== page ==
The reality is “so-called” because crypto and the blockchain already offer financial freedom to individuals. Central banking and state control are the old reality that desperately tries to remain relevant. No wonder crypto-statists advocate a compromise in order for both sides to “win.” That’s not possible. The state is a back-alley thief who extends the “choice” of “your money or your life.” A philosophically-inclined thief or his advocate may explain how the dynamic is a “win-win” situation because it achieves the agreed-upon goal of your leaving the alley in one piece; after all, killing you is work, and it eliminates a repeated robbery. You may relinquish the money and leave, but you are not a winner. You win by using crypto that allows you walk around the alley and the thief.
The state does not co-own wealth by virtue of pointing a gun; all it does is to exert control through violence. Most people agree; it is morally wrong to take property from a peaceful person by force. To avoid the morality argument, where they are on weak ground, crypto-statists employ another sleight of hand. They attempt to substitute the practical for the moral as a focus of debate. They juxtapose the collective “greater good” against the rights of an individual, for example. Society requires the imposition of preemptive rules, they maintain, or else calamity will ensue.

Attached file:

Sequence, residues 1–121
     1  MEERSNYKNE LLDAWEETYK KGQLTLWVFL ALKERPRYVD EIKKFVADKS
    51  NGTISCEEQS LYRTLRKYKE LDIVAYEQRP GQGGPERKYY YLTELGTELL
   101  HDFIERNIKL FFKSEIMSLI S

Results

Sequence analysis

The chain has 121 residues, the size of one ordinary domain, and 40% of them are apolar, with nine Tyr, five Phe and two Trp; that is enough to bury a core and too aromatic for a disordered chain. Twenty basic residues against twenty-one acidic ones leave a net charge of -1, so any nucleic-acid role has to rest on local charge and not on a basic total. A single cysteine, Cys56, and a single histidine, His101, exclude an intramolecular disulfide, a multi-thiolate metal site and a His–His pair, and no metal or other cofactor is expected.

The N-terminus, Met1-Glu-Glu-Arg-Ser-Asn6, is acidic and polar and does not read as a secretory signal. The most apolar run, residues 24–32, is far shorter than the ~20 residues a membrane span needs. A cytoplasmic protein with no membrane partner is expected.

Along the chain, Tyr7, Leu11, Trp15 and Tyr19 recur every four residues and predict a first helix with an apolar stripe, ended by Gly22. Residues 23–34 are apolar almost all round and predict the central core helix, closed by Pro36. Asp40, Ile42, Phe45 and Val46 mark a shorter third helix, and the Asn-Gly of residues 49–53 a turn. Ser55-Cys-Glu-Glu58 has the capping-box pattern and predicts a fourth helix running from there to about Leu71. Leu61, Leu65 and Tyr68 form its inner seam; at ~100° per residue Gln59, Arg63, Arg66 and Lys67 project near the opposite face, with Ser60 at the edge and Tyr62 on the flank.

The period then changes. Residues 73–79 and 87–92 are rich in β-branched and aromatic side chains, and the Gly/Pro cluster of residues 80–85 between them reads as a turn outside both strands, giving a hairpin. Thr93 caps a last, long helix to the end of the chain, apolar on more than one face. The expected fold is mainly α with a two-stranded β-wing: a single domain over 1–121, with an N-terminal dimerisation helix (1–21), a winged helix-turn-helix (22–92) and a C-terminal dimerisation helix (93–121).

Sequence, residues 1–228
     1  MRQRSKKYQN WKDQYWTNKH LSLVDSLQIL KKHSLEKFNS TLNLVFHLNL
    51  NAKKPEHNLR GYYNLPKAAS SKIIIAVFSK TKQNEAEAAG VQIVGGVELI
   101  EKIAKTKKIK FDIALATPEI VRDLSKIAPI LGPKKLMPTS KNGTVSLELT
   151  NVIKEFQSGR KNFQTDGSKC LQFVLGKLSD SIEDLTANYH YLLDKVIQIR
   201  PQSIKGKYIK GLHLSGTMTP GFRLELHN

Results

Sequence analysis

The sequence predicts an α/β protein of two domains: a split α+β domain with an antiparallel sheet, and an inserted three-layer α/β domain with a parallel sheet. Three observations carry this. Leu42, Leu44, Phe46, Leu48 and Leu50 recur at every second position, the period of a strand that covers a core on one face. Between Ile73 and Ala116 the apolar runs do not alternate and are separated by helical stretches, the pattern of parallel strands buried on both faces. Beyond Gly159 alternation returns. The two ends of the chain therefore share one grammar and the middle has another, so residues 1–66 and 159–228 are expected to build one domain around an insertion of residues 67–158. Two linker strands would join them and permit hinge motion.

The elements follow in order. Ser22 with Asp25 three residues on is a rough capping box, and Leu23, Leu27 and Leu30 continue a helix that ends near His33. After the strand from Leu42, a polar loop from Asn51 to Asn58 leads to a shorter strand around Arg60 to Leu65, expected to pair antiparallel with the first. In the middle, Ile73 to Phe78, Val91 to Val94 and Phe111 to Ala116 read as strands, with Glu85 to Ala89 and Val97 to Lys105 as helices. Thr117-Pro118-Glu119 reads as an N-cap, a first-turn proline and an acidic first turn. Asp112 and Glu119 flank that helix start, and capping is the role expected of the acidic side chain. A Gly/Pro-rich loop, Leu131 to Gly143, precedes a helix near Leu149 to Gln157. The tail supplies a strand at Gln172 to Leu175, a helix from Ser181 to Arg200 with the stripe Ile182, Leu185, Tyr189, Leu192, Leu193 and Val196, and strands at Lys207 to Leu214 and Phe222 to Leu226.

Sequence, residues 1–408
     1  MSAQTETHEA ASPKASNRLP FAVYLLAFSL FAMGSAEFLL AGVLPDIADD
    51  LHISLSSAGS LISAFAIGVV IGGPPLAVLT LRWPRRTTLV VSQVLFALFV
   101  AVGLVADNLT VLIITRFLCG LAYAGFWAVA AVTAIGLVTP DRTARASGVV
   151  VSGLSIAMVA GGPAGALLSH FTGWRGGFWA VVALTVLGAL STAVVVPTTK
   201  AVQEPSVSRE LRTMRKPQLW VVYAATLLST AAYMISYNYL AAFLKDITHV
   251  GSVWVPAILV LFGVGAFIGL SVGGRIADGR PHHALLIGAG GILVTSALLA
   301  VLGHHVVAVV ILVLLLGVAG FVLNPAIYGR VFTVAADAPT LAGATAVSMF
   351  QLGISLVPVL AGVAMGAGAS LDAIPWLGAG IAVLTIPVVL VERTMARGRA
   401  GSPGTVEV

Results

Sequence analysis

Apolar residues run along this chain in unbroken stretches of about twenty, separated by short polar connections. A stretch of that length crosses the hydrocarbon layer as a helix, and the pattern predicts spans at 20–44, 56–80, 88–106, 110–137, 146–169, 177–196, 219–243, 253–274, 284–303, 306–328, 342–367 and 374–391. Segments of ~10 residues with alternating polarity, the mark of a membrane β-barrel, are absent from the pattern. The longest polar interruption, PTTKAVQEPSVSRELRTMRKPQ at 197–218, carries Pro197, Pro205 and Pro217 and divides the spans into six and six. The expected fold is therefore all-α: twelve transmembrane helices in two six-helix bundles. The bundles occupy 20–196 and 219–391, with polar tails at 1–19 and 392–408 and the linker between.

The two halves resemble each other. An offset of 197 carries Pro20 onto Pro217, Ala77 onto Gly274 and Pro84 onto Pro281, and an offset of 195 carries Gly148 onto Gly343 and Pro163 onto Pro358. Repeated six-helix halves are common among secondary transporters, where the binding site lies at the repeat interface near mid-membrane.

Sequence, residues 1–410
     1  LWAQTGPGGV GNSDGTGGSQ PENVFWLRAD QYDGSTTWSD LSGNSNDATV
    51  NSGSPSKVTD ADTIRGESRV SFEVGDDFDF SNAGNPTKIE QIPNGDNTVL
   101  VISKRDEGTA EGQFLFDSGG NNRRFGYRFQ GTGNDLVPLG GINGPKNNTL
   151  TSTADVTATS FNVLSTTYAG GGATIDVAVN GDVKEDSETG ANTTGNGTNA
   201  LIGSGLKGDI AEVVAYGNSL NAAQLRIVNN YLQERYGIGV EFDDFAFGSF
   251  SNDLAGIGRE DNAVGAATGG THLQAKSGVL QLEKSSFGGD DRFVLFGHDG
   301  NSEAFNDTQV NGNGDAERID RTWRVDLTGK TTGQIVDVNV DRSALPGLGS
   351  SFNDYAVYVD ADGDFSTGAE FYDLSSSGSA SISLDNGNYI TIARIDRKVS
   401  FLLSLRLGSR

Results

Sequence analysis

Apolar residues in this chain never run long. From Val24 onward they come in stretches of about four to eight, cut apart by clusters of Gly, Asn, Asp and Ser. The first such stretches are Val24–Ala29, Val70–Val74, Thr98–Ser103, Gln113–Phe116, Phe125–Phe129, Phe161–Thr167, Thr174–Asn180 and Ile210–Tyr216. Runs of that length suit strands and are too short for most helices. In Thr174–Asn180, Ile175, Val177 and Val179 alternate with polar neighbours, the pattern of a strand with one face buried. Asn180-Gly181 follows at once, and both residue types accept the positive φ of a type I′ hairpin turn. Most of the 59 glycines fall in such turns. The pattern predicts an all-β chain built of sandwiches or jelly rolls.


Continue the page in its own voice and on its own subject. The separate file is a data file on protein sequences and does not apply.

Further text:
To envision the consequence of elevating the so-called practical over the moral, imagine it is 1858, and you are living on a farm in the Northern U.S. A man has arrived at your door with papers documenting his ownership of a run-away slave whom you are sheltering. The slave throws himself at your feet, begging for sanctuary, while the slave-owner reasons with you. First, the Fugitive Slave Act of 1850, which makes it illegal for you to retain “his property.” Then, the slave owner declares that he, too, opposes slavery, but the South’s current economy would collapse without it. If slavery were to cease abruptly, then the political system itself would collapse. No! Slavery will be phased out, he assures you, but for now, you must surrender the black man who trembles at your feet.
A libertarian rejects violating the slave’s autonomy by answering, “There is no practical consideration that overrides this man’s right to his own body.” A crypto-anarchist rejects the claim that state force is necessary by answering, “There is no practical consideration that overrides a person’s right to his own person, including the products of its labor.”
The conflict between crypto-anarchists and crypto-statists is not merely over means. It is not merely over how to get there from here. It is that the there being discussed is a different destination. When the means advocated by two parties are antithetical, their goals are as well.
The political choice comes down to Rothbard’s “eternal struggle” between Liberty and Power. The conflict is the same now as in the past. A recent scholarly article flashed back into history: “Punishing Forgery with Death. In early nineteenth-century England, forging currency was considered to be such a subversive threat that it was punished with the death penalty.” That’s how seriously the state took the sanctity of its currency. Imagine how seriously it will take a “fake” currency that provides an actual and active alternative to the entire system.
Sincere thanks are extended to the irreplaceable Peri Dwyer-Worrell for proofreading and editing.
Reprints of this article should credit bitcoin.com and include a link back to the original links to all previous chapters